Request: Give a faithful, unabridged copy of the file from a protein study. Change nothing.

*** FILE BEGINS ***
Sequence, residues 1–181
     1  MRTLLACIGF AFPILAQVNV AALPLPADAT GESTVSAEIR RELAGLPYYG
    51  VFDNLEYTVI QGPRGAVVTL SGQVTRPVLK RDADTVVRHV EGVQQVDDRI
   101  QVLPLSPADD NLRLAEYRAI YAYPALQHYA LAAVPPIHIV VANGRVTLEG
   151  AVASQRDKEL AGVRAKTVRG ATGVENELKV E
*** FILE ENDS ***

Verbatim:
Sequence, residues 1–181
     1  MRTLLACIGF AFPILAQVNV AALPLPADAT GESTVSAEIR RELAGLPYYG
    51  VFDNLEYTVI QGPRGAVVTL SGQVTRPVLK RDADTVVRHV EGVQQVDDRI
   101  QVLPLSPADD NLRLAEYRAI YAYPALQHYA LAAVPPIHIV VANGRVTLEG
   151  AVASQRDKEL AGVRAKTVRG ATGVENELKV E